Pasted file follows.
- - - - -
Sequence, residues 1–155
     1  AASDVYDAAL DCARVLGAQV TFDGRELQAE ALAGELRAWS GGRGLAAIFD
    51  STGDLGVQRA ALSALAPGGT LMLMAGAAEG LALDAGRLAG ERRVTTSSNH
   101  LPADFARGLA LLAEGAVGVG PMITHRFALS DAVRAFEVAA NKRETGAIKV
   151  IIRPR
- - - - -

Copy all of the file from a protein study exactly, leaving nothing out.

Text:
Sequence, residues 1–155
     1  AASDVYDAAL DCARVLGAQV TFDGRELQAE ALAGELRAWS GGRGLAAIFD
    51  STGDLGVQRA ALSALAPGGT LMLMAGAAEG LALDAGRLAG ERRVTTSSNH
   101  LPADFARGLA LLAEGAVGVG PMITHRFALS DAVRAFEVAA NKRETGAIKV
   151  IIRPR